(AP) - California's new stem cell agency is generating a lot of talk -- and it's not all about the ethics of human embryonic research. First Amendment advocates are grousing about the veil of secrecy covering how the agency is coming together and where $3 billion in taxpayer money is going. The criticism started last fall during the debate over Proposition 71, the bond measure ultimately passed by voters that funds the agency, and picked up this week ahead of a key organizational meeting.

The activists argue that being able to follow the money is the only way to guarantee it isn't being mishandled. Doing that, though, wouldn't be easy even if the board had already put confict-of-interest safeguards in place, because of the explicit exemptions written into Proposition 71.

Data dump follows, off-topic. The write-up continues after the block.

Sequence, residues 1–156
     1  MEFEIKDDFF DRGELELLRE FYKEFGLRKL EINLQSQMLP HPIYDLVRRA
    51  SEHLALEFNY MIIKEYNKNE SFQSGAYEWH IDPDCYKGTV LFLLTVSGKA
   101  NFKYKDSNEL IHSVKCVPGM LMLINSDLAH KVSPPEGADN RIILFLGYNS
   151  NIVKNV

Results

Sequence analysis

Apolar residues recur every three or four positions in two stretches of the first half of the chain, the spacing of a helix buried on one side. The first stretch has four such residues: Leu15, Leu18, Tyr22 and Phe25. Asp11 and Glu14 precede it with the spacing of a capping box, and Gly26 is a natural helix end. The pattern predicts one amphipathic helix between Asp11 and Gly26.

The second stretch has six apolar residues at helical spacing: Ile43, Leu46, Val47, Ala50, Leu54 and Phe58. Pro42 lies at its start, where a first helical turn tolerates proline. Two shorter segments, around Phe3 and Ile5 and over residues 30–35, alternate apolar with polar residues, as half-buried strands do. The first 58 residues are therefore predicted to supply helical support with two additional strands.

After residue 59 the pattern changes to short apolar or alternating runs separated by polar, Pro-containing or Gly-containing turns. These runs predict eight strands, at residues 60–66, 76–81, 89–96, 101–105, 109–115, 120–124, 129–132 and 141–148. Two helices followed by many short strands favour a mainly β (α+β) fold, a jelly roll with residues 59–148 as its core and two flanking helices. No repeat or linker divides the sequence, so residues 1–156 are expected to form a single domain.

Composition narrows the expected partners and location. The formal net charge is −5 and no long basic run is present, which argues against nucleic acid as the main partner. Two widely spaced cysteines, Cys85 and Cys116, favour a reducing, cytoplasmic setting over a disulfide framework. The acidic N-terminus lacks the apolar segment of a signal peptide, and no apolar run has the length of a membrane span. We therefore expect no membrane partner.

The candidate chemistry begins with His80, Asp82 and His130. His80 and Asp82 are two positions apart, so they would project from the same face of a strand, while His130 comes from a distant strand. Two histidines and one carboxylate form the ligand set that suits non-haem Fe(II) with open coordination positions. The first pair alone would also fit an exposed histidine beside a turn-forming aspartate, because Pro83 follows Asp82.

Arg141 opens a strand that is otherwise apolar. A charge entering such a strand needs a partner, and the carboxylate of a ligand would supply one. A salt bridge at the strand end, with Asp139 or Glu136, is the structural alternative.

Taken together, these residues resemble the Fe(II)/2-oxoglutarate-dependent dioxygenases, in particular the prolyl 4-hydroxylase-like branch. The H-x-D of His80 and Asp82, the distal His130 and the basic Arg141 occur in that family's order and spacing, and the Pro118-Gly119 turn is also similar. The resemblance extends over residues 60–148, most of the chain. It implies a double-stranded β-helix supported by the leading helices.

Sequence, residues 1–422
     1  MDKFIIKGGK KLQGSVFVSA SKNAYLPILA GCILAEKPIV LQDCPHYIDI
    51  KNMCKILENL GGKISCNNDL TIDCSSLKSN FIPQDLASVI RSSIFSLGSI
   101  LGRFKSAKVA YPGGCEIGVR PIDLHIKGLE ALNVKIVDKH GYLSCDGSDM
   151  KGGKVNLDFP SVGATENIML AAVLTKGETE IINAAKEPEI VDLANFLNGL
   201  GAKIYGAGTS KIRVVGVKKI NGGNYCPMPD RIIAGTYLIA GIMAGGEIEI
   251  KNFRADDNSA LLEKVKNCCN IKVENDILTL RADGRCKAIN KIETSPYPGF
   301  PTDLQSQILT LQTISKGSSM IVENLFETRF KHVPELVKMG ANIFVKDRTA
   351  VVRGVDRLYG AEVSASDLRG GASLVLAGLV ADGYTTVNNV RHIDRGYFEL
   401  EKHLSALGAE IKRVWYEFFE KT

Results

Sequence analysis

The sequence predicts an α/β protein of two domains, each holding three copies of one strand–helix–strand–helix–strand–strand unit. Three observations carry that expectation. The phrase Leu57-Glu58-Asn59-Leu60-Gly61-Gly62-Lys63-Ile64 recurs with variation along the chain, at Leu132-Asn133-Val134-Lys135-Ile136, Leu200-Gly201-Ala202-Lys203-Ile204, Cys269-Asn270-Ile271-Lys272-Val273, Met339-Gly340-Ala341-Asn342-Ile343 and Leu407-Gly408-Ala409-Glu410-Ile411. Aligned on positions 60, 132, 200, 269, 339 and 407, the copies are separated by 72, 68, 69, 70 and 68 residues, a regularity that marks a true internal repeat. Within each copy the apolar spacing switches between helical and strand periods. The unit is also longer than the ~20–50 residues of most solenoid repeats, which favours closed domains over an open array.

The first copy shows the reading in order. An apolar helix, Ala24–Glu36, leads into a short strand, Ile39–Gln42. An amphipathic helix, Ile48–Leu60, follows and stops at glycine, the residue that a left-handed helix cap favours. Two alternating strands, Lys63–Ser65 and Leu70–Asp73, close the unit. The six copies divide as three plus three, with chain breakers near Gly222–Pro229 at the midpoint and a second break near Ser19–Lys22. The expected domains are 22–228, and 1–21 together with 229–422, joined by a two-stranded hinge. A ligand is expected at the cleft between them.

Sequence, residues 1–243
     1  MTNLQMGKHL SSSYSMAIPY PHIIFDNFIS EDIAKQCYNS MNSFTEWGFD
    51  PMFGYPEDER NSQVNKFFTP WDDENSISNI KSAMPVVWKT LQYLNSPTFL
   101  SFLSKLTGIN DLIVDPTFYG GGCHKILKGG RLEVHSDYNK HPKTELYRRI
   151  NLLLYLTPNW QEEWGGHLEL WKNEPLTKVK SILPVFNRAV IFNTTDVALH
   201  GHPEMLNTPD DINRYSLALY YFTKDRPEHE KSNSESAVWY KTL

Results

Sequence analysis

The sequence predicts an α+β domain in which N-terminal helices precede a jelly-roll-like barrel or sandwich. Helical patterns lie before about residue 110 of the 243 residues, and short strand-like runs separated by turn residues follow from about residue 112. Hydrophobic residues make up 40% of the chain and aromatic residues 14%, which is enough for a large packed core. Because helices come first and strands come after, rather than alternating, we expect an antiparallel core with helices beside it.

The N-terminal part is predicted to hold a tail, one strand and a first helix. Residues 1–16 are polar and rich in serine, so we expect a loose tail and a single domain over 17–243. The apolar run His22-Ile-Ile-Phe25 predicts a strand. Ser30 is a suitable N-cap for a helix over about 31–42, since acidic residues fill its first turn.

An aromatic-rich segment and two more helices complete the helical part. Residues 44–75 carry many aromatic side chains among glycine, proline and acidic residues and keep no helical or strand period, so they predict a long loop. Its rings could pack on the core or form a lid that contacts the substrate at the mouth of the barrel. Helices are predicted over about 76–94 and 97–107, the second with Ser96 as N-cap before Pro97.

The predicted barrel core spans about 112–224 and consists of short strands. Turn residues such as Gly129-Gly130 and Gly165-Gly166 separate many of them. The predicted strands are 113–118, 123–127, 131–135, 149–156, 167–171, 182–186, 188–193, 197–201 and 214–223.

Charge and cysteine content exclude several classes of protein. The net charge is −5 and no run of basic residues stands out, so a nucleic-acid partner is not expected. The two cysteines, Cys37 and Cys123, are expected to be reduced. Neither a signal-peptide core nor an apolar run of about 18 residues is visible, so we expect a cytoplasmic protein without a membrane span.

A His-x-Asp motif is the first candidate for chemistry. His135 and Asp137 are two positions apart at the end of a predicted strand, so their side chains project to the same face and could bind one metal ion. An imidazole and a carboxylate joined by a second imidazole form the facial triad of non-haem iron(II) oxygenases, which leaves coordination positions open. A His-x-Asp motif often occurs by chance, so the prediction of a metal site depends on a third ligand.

Under the measure, the agency's financial oversight committees are exempt from the state's open-meeting law when it comes to discussing patients, intellectual property concerns and sensitive scientific data it wants to keep confidential.

"The built-in secrecy provisions are a central flaw that may contribute to others," said Terry Francke of Californians Aware, a nonprofit organization that promotes open government and the First Amendment. "Prop 71 makes the process of governance almost entirely secret."

Francke called for board members to pledge to ignore the privacy provisions and vow to conduct most of its work in public. He and other critics also complained that the public knew very little about Thursday's day-long meeting.

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